The abdomen that make the music.

Know the terrain, the disappearing

Wetlands, the endangered trees,

The mounds of refuse on the horizon.

Know the weather, how the cicada

Predicts patterns, quakes, warmings,

Why, the ones outside her window

Probably burrowing there

When we were children,

Rising in seventeen-year

Cycles to celebrate the brood,

Orgies of insects. So beware,

I say, she may well come back

As cicada in the next life

When the spider and beetle,

The ubiquitous roach, rule,

When cities will be silent,

Even in New Jersey.

She thanks me, so long

Since I have told her a story,

How time flies, things change,

But thinks she can sleep

Now listening to the serenade.


I threw the monkey wrench at Darwin

But he ducked

Under the bill of a platypus.

It struck Sir Issac

Between the eyes at the cider tree,

And the whole world

Dimmed. When he came to,

He marveled at the alloy

And gave up alchemy,

Advancing the clock,

Discovering mechanics, laws of motion,

How bodies travel millennia in a line.

Unless compelled

To act otherwise.

He cast the coordinates in the clay

At the base of the tree,

The wind kicking up,

Worms awriggle in the fallen cores,

The wrench on the horizontal plain

And his head on the vertical

Intersecting in a cross.

Thus, he was born again,

And I've been on the path ever since,

Posse of one

Atop an astral mule.

Assassin of science, I lost

My innocence at Assissi

Under the basilica. I know

Whose side, whose century

The cogniscenti honor in the annals,

But imagine the world

As it might have been

As the mule descended

Mount Subasio with its own laws

Of motion: simplicity, creation,

Love of all living things.

Michael J. Bugeja's most recent books are Little Dragons and Flight from Valhalla (1994). As a contributing editor for Writer's Digest he writes a monthly column and poetry marketplace report, and edited the 1993 and 1994 Poet's Markets. His writing awards include an NEA fellowship, an NEH grant, an Academy of American Poets award, and the Writer's Digest Grand Prize, fiction. Bugeja teaches at the E.W. Scripps School of Journalism at Ohio University.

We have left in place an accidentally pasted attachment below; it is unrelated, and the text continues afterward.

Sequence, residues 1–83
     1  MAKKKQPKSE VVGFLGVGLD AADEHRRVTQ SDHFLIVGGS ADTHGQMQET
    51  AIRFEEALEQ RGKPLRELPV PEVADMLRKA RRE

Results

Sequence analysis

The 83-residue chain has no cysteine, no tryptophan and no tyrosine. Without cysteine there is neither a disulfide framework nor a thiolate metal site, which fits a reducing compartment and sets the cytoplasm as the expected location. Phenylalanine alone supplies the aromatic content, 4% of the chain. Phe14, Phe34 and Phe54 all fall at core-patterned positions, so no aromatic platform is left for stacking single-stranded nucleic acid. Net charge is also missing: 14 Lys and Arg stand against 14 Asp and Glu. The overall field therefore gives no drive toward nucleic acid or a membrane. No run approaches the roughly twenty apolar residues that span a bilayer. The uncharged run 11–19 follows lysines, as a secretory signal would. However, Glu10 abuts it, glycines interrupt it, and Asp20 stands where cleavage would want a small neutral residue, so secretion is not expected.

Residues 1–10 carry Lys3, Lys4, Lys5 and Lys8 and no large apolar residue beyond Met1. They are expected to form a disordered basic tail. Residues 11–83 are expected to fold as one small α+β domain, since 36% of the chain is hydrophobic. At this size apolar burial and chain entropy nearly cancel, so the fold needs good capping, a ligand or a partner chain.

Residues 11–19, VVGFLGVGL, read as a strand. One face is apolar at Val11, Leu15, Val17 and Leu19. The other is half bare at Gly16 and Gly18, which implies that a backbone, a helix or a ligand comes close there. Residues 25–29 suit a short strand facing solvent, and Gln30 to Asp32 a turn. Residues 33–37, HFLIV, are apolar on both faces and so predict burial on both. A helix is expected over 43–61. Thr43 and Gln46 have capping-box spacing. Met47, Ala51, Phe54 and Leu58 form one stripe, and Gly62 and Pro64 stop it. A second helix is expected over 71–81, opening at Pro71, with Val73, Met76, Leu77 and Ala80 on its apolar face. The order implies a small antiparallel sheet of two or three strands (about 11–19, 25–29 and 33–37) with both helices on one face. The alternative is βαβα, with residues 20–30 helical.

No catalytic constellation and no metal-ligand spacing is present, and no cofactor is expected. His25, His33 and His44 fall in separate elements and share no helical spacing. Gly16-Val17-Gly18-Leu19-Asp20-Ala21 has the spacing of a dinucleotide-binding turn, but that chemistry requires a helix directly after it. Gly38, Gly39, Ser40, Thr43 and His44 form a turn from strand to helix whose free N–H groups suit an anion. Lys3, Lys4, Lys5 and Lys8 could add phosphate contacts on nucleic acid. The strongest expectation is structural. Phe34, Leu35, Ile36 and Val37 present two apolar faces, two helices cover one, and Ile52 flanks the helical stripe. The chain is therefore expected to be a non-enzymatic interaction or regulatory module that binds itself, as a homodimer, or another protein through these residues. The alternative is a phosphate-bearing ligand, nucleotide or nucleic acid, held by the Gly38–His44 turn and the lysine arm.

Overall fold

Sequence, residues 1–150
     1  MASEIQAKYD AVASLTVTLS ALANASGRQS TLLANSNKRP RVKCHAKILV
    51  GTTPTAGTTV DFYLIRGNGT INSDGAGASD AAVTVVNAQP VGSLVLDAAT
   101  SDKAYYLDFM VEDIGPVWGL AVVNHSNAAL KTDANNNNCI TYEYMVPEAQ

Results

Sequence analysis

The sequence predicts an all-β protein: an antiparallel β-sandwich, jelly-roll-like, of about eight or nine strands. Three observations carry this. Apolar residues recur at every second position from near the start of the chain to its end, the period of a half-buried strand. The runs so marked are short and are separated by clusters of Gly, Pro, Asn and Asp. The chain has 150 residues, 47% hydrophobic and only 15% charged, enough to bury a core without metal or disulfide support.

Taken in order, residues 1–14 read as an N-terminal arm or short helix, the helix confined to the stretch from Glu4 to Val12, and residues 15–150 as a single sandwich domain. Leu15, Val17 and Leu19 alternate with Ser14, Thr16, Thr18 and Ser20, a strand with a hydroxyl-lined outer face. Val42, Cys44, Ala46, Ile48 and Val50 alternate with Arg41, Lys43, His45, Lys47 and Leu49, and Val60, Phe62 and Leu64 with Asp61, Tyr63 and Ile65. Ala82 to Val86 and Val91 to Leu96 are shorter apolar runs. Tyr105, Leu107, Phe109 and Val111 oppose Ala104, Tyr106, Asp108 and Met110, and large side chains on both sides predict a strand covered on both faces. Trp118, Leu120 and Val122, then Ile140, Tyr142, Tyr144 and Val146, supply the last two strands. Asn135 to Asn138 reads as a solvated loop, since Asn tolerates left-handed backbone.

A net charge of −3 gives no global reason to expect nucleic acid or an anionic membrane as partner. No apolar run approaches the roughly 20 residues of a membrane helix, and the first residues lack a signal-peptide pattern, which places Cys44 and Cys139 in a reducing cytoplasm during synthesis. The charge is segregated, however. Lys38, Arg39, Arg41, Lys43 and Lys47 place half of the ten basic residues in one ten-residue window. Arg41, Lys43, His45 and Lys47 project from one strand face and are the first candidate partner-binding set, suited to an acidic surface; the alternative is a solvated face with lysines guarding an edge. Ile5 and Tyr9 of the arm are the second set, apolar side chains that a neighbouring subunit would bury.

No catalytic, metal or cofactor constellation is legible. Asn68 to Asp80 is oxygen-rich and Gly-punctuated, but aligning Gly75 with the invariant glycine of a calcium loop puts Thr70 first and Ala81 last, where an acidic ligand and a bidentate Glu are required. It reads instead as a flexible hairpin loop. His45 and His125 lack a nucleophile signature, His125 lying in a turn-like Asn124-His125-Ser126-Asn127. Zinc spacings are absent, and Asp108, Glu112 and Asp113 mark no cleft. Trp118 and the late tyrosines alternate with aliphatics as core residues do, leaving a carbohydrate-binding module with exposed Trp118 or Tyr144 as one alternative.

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I made her tell me of the affair,

and I became him, the man who pulled

opening the many rooms of her mouth,

and then I was her, pulling him

through the river of rooms in the mansion

his eyes pressing into me, his eye

and then I was the closet, the space

on their way to the mansion, and then the real

the wind of doors slamming, bodies

my eye lost in the mouth of my pocket,

my dirty, awful hand.


Loneliness is a privilege, and I'm grateful

for the afternoons I had as a child

to feed the crocodile I invented in my closet.

How the knob's wood expanded in my hand

when I threatened my friend with death.

Twenty years later he still has nightmares

where I get mad and fling open the door.

Upstairs our mothers were one mother

measuring emptiness by the milligram.

Their laughter clung to the ceiling

like helium balloons after a party.

Only they never came down, stayed there

without color or reason. Bruises are genetic.

By age ten we opened a window and snapped

our jaws at the world. A flashlight's subtle patch

on pavement rendered bewilderment

in nearly all who passed. A bucket of water

dumped from three stories up

onto the reliable shock of a stranger

made out hair electric, teeth sharp: milk bottles,

barbells came next. By twelve we slithered

from the house's skin, graffitied crack,

rom, rascal in the narrow throats of Philadelphia

and knocked over trashcans with our tails.

Under the dank wings of older kids on corners

we learned how to steal a chump's heart

without saying a word. By sixteen the boomerang

of anger curved back at us. My fingers trace the hemline

of a frenzy, passed down through the family

like an heirloom we can all squeeze into.

Each day I carry a colorless balloon and walk

my crocodile through the same streets.

Kids look at me funny, but I've got thick skin